Functional Family Therapy Coming to Excelsior

Thanks to a generous grant from The Anschutz Foundation, Excelsior is thrilled to begin training our therapists in Functional Family Therapy! This widely-recognized and respected therapy model will deepen the skills of our therapists and enhance the quality of the community-based and in-home treatment that we provide our youth and families.

What is Functional Family Therapy (FFT)?

FFT descriptionFFT is a short-term, high quality intervention program that works primarily with 11- to 18-year-old youth who are struggling with behavioral or emotional problems. Specifically FFT has demonstrated success in helping adolescents with conduct disorders, violence and substance abuse. Services are conducted in many different settings, but this therapy model is especially conducive to in-home and community-based service environments.

This strength-based therapy model is built on a foundation of acceptance and respect. By focusing on addressing risk and protective factors within and outside of the family, therapists help youth and their families limit disruptive influences and enhance their strengths.

FFT consists of five major components: engagement, motivation, relational assessment, behavior change and generalization. Each of these components has its own goals, focus and intervention strategies and techniques. The phase-based goals of FFT are to:

  1. Engage youth and family members into treatment by establishing therapist credibility by being responsive and available.
  2. Motivate youth and their families by decreasing the intense negativity (blaming, hopelessness) so often characteristic of these families. Rather than ignoring or being paralyzed by negative experiences (e.g., cultural isolation and racism, loss and deprivation, abandonment, abuse, depression), FFT acknowledges and incorporates these powerful emotional forces into engagement strategies through respect, sensitivity, and positive reattribution techniques.
  3. Assess interpersonal functions (i.e., payoffs) within the family to organize/match interventions.
  4. Behavior Change: Reduce and eliminate the problem behaviors and accompanying family relational patterns through individualized behavior change interventions, including cognitive/attributional interventions, systematic skill-training in family communication, parenting, problem solving, and conflict management.
  5. Generalize changes across problem situations by increasing the family’s capacity to utilize community resources adequately, and to engage in relapse prevention.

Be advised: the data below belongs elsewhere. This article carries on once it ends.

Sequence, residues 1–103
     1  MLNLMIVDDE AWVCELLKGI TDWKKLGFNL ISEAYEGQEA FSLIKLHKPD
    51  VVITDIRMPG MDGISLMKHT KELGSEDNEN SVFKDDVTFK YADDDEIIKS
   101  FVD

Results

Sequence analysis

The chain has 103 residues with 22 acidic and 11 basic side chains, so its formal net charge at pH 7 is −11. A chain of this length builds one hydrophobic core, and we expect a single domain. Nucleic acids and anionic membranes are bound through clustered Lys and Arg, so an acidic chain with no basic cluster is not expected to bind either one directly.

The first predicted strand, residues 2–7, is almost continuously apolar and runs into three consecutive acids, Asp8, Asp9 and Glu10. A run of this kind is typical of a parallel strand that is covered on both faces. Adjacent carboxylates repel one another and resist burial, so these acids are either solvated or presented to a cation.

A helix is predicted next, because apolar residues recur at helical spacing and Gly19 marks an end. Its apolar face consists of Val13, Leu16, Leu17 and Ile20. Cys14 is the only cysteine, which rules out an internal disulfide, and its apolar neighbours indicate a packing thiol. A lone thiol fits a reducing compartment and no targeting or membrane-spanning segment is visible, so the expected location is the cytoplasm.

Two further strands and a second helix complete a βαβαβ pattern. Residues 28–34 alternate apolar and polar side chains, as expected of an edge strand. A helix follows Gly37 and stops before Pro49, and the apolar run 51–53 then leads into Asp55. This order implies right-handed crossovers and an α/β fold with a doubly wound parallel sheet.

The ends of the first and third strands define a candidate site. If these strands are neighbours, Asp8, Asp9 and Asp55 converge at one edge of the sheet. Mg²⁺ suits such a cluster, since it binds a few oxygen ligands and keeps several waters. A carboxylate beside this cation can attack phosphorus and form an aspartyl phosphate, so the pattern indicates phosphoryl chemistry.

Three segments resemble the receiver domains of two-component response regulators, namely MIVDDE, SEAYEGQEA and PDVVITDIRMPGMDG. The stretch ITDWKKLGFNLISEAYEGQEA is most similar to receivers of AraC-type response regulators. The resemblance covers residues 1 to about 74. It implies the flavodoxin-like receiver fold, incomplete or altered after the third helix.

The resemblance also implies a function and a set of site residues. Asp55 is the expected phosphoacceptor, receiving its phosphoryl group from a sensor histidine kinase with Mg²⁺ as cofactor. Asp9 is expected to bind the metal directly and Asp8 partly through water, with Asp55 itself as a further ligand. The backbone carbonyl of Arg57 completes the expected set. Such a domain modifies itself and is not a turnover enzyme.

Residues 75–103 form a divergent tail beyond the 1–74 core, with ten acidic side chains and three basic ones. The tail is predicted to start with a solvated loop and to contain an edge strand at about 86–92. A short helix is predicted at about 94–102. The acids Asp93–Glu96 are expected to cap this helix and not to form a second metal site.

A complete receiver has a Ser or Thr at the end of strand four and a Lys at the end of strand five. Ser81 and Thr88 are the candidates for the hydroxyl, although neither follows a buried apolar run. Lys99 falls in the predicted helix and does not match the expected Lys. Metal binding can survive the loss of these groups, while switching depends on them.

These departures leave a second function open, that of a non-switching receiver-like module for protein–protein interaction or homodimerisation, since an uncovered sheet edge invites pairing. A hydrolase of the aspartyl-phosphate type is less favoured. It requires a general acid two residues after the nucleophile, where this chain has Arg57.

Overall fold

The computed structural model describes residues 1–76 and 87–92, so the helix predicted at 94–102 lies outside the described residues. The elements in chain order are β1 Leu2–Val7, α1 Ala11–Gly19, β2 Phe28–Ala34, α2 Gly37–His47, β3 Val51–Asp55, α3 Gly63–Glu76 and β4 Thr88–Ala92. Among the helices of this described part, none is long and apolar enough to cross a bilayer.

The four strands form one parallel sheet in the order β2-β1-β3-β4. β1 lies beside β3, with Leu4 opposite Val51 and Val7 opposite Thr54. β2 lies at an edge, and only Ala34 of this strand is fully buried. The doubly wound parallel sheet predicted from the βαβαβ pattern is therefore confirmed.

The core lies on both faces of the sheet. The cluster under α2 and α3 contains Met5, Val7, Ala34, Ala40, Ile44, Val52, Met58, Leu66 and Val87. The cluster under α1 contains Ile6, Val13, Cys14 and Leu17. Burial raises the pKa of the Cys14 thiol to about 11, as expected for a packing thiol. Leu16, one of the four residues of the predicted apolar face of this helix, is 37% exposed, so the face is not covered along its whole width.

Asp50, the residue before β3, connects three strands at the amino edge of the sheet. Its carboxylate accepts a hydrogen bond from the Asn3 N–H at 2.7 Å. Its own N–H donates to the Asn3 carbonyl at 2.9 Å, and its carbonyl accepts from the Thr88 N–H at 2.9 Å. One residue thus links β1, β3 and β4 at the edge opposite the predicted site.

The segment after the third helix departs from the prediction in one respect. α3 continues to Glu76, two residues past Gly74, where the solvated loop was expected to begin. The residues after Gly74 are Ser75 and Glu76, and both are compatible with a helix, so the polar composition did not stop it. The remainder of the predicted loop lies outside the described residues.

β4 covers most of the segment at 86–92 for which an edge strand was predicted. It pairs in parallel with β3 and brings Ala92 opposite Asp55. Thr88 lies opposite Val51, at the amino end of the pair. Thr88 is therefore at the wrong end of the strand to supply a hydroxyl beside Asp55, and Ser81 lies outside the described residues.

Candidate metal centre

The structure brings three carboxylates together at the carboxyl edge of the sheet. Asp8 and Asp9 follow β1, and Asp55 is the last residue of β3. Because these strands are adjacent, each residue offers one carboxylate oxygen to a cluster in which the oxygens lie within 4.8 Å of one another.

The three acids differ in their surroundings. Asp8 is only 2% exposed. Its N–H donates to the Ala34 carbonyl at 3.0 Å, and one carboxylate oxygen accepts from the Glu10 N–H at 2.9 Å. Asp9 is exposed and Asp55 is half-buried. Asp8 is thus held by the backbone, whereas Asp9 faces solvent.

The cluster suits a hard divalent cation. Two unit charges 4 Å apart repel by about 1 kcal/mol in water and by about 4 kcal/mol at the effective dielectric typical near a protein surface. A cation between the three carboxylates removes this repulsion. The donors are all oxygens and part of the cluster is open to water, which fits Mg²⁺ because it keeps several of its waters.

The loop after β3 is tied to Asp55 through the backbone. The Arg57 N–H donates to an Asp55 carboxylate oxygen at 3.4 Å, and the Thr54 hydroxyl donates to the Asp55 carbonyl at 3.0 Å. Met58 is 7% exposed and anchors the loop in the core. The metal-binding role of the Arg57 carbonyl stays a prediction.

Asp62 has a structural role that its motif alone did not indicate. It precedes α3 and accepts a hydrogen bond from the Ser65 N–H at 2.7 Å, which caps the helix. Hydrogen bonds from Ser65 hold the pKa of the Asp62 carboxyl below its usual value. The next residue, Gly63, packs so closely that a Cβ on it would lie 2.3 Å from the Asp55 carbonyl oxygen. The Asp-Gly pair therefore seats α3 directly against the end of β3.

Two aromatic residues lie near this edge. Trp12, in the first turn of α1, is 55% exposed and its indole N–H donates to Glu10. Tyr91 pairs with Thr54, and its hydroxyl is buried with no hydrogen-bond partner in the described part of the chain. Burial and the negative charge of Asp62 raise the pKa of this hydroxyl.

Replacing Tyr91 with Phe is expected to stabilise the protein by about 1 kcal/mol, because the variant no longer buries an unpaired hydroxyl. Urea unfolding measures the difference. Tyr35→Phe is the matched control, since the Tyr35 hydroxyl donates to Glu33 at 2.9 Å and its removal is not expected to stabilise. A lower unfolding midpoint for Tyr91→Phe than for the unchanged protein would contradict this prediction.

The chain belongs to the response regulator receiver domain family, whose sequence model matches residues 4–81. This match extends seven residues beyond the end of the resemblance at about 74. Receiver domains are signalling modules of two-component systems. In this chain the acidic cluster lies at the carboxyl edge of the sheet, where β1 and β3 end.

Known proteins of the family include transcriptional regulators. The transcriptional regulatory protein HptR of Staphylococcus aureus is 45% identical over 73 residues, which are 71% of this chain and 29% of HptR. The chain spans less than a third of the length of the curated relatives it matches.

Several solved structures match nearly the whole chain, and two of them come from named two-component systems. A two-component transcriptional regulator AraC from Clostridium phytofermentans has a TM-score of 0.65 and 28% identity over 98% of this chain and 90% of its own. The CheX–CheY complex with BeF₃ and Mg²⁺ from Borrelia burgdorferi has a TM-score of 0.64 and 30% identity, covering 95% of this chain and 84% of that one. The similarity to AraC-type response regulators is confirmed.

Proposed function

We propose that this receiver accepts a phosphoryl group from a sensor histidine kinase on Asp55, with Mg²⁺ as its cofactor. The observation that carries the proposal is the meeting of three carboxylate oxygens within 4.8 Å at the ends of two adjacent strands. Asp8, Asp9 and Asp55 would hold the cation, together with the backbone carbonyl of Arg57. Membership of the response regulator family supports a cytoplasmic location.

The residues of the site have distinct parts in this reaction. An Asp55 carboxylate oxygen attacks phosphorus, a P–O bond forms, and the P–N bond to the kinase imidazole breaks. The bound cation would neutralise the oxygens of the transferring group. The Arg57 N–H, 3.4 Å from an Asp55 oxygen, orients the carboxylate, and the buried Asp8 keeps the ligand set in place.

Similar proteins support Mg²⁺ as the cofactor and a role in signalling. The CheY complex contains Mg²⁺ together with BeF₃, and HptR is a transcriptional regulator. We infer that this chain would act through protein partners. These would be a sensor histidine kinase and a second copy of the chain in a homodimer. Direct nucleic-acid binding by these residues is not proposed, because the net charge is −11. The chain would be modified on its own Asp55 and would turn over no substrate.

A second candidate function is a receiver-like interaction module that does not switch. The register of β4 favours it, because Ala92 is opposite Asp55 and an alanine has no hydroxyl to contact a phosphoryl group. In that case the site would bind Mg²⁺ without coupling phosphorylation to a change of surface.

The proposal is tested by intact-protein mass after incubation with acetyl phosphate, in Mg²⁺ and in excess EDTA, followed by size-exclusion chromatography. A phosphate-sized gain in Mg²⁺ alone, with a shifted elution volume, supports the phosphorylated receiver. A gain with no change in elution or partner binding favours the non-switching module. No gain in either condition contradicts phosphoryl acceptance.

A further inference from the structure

(Source: FFT LLC, 2014)

Benefits for Youth, Families and Communities

The FFT treatment model has been proven to help youth and families manage behavioral and relational challenges and lead to lasting positive change. Data from numerous studies suggests that FFT can reduce recidivism (the tendency for a person to reoffend) between 25% and 60% (FFT LLC, 2014). A study conducted by Thomas Sexton of the Center of Adolescent and Family Studies at Indiana University, demonstrated that the positive outcomes of FFT remained stable after five years, an impressive statistic compared to the outcomes of many other treatment models. Plus, this study found that the positive effects that treatment had on the youth in question, also positively impacted that youth’s siblings (Sexton & Turner, 2011). Now that’s what we are looking for when we talk about family-focused treatment and family preservation.

Additional studies suggest that FFT can also reduce treatment costs. When implemented properly, FFT costs less than traditional services and other family-based interventions. Plus, FFT is also proving to save money at the state-level through crime reduction. In fact, Washington State found that for every dollar spent on FFT, $18.98 was saved through reductions in felony recidivism (, n.d.).

Summing Up

Our therapists are very excited to begin their FFT training, which is kicking off this Friday, March 24th! Complemented by their many other specialties and areas of expertise (e.g. trauma-informed care, EMDR, CPT – Child/Parent Psychotherapy), FFT will enhance their ability to provide the best treatment to our youth and families. We believe that FFT is the most effective treatment model for our community-based and in-home therapy services. We are immensely grateful to The Anschutz Foundation for their incredible support in this venture and cannot wait to get started!

The Anschutz Foundation



Sexton, T. & Turner, C.W. (2011). “The Effectiveness of Functional Family Therapy for Youth with Behavioral Problems in a Community Practice Setting.” Couple and Family Psychology: Research and Practice 1(S), 3-15. (n.d.) Functional Family Therapy. Retrieved from